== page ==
Comments would also be submitted by facsimile to (301)713-0376, provided the facsimile is confirmed by hard copy submitted by mail and postmarked no later than the closing date of the comment period.

Comments would also be submitted by e-mail. The mailbox address for providing email comments is Include in the subject line of the e-mail comment the applicable document identifier: File No. 87-1743 or File No. 1066-1750.

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Amy Sloan or Ruth Johnson, 301/713-2289.

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The subject permits are requested under the authority of the Marine Mammal Protection Act of 1972, as amended (MMPA; 16 U.S.C. 1361 et seq.), the Regulations Governing the Taking and Importing of Marine Mammals (50 CFR part 216), and the Fur Seal Act of 1966, as amended (16 U.S.C. 1151 et seq.).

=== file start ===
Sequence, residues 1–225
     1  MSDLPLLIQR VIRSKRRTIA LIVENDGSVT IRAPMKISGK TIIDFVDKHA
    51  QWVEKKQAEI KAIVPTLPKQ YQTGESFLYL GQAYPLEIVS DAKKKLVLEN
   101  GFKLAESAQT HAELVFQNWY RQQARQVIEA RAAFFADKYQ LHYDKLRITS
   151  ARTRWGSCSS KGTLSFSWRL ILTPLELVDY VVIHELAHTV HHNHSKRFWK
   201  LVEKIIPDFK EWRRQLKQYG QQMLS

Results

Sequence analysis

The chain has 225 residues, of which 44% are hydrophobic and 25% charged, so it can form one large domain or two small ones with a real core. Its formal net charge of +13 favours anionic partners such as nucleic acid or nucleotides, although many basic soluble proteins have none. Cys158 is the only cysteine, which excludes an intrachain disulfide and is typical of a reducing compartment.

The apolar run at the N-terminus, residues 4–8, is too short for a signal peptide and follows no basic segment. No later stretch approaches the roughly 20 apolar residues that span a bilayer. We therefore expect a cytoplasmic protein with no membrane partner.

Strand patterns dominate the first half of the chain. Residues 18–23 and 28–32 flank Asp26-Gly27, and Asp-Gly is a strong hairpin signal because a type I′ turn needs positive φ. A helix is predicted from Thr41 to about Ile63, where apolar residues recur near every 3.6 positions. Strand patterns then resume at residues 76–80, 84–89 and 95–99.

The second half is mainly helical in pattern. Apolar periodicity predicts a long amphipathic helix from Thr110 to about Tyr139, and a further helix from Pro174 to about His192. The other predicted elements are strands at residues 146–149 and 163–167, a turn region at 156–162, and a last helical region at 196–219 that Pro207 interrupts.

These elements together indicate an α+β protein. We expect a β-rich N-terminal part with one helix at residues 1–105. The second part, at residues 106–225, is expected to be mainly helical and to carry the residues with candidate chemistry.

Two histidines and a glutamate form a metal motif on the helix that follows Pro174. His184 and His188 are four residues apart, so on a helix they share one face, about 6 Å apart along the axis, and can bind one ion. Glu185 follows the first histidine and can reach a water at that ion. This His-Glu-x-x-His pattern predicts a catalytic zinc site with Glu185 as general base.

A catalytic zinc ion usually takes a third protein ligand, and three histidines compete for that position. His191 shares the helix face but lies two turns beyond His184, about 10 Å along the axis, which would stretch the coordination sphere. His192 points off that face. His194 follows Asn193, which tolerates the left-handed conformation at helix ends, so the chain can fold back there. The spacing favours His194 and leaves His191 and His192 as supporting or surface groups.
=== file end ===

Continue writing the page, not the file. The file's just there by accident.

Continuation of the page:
Applications for permit

File No. 87-1743: The applicant, Daniel Costa, proposes to continue long-term behavioral, physiological, and life history research studies on northern elephant seals (Mirounga angustirostris) throughout their range. The proposed annual activities are described below.

Tagging and marking studies: Up to 1600 juvenile and 1250 adult seals of either sex would be captured, tagged, and marked, with up to 14, 250 animals incidentally harassed during these procedures.

Weigh, Measure, and Sample: Two hundred juveniles and 50 adults of either sex would be captured, sedated as necessary, weighed, measured (length/girth/ultrasound), and sampled (20 ml blood, flipper skin, blubber and muscle biopsy); 100 of the juveniles and all adults would be captured twice; up to 13,750 animals would be incidentally harassed during these activities.